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Saudi Journal of Kidney Diseases and Transplantation
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RENAL DATA FROM ASIA–AFRICA Table of Contents   
Year : 2018  |  Volume : 29  |  Issue : 6  |  Page : 1410-1416
Pattern of glomerular disease and clinicopathological correlation: A single-center study from Eastern Nepal


1 Department of Internal Medicine, B.P. Koirala Institute of Health Sciences, Dharan, Nepal
2 Department of Radiology, B.P. Koirala Institute of Health Sciences, Dharan, Nepal
3 Department of Pathology, B.P. Koirala Institute of Health Sciences, Dharan, Nepal

Correspondence Address:
Dr. Manish Subedi
Department of Internal Medicine, B.P. Koirala Institute of Health Sciences, Dharan
Nepal
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DOI: 10.4103/1319-2442.248302

PMID: 30588974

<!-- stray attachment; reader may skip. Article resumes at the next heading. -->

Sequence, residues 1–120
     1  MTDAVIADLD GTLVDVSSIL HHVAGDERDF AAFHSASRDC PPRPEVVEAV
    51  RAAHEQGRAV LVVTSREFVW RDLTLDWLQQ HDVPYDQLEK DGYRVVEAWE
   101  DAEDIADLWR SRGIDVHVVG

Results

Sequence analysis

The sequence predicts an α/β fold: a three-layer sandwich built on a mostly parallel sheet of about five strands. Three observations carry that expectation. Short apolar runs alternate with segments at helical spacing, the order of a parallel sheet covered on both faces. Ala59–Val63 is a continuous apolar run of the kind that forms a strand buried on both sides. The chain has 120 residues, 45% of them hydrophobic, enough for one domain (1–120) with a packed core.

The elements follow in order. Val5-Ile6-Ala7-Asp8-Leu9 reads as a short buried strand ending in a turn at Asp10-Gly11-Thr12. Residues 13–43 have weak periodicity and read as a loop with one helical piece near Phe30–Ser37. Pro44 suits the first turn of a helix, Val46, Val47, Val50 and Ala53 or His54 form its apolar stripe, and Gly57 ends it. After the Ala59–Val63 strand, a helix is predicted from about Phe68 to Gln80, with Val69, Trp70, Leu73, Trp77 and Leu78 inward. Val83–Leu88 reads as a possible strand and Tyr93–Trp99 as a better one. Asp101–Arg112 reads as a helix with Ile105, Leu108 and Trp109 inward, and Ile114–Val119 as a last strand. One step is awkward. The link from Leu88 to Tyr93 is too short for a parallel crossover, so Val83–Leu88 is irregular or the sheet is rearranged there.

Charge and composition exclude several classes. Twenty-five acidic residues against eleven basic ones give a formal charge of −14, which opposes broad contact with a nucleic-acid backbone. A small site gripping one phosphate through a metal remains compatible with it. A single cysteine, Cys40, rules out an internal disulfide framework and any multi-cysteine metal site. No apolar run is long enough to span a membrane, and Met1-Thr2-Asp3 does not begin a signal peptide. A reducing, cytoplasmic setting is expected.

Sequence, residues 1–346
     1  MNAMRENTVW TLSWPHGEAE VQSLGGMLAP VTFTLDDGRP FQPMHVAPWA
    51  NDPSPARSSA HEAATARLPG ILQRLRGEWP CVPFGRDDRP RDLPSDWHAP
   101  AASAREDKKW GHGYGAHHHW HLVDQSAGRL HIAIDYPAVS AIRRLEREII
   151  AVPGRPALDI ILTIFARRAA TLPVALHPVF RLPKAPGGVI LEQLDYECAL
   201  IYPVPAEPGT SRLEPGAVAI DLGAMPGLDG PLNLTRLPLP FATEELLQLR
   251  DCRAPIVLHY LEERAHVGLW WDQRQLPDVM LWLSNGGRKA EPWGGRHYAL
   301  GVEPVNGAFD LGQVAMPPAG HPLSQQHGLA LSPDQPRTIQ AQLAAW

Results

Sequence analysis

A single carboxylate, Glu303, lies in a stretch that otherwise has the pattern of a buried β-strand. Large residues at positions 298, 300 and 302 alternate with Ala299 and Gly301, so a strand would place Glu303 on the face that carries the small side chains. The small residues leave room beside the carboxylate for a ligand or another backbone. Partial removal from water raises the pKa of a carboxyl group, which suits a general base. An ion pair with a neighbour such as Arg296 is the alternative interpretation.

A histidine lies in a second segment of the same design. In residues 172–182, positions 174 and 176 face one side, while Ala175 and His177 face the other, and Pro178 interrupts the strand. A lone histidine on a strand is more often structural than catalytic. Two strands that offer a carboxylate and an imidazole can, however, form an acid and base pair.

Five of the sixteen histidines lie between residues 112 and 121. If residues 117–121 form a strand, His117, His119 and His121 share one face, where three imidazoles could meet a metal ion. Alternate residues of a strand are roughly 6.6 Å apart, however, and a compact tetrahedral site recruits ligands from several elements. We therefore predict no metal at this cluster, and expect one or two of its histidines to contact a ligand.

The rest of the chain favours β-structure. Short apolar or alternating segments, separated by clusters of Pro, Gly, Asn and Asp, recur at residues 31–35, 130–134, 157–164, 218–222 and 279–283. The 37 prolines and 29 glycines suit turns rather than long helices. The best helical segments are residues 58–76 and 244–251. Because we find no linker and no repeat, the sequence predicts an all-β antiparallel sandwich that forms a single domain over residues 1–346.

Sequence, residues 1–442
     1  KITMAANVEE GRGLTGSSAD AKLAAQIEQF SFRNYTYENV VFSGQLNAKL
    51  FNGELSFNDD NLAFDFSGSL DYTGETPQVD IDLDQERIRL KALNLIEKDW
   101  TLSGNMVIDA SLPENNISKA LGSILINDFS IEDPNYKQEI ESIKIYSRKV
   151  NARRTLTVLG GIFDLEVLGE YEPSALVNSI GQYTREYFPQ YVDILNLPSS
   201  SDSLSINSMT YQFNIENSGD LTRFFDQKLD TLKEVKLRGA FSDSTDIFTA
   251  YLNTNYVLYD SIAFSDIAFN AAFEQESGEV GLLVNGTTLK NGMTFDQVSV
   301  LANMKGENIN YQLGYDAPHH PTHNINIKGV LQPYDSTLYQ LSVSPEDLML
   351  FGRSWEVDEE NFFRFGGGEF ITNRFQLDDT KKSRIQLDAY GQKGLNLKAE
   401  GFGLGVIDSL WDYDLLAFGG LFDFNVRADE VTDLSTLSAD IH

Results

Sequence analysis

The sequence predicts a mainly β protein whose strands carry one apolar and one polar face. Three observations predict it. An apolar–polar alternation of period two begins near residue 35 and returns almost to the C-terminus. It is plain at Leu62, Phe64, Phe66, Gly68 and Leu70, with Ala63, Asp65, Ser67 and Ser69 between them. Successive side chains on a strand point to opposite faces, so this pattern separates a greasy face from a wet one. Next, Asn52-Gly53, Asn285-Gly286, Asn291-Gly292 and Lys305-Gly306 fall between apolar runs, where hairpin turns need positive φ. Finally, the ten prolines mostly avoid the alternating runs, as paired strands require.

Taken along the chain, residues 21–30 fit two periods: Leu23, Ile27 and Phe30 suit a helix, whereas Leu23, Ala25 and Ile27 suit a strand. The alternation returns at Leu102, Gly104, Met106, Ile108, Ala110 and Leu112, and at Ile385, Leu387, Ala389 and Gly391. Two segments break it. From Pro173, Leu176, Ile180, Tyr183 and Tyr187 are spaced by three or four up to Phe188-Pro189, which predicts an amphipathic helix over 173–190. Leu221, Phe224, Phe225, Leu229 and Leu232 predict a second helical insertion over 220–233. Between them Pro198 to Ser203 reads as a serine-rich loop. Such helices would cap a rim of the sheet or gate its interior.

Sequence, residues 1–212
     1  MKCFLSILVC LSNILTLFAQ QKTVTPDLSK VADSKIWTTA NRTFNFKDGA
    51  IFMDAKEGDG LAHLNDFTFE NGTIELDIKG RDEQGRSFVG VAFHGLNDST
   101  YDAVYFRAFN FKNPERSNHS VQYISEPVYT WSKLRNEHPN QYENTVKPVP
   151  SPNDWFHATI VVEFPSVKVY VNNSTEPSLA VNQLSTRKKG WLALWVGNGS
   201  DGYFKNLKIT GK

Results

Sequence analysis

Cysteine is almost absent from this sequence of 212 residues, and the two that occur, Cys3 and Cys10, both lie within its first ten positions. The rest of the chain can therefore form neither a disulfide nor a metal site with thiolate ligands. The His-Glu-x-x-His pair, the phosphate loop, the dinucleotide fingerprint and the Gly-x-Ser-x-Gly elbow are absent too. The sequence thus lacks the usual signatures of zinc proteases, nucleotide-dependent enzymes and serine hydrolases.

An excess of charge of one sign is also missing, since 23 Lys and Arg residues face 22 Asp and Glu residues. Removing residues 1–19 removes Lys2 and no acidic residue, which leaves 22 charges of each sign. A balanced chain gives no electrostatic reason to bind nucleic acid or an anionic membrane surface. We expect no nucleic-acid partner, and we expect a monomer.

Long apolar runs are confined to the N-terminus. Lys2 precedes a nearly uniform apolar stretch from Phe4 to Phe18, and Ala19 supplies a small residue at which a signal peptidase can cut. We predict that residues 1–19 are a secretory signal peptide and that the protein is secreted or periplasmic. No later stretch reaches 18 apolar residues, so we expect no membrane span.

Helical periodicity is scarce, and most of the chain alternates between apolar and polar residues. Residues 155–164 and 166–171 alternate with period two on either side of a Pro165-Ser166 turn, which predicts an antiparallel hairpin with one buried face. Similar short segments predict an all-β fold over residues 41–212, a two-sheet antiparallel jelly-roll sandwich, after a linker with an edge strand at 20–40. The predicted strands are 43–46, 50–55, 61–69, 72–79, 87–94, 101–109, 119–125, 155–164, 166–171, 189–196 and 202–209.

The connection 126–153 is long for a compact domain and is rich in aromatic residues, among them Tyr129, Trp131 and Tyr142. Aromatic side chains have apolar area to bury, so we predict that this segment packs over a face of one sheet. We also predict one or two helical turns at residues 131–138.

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The pattern of glomerular disease varies worldwide. In the absence of kidney disease/kidney biopsy registry in Nepal, the exact etiology of different forms of glomerular disease is primarily unknown in our country. We analyzed 175 cases of renal biopsies performed from September 2014 to August 2016 in Internal Medicine Ward at B.P. Koirala Institute of Health Sciences. The most common indication for renal biopsy was nephrotic syndrome (34.9%), followed by systemic lupus erythematosus (SLE) with suspected renal involvement (22.3%). Majority of patients were in the 30–60 years’ bracket (57.2%), with the mean age of the patients being 35.37 years. The average number of glomeruli per core was 13, with inadequate sampling in 5.1%. Immunoglobulin A (IgA) nephropathy (17%) was found to be the most common primary glomerular disease, followed by membranous nephropathy (14.6%) and focal segmental glomerulosclerosis (14.6%). The most common secondary glomerular disease was lupus nephritis (LN). Complications associated with renal biopsy were pain at biopsy site in 18% of cases, hematuria in 6%, and perinephric hematoma in 4% cases. Although the most common primary glomerular disease was IgA nephropathy, significantly higher population of SLE with LN among Nepalese in comparison with other developing countries warrants further evaluation. As an initial attempt toward documentation of glomerular diseases in the national context, this study should serve as a stepping stone toward the eventual establishment of a full-fledged national registry of glomerular diseases in Nepal.


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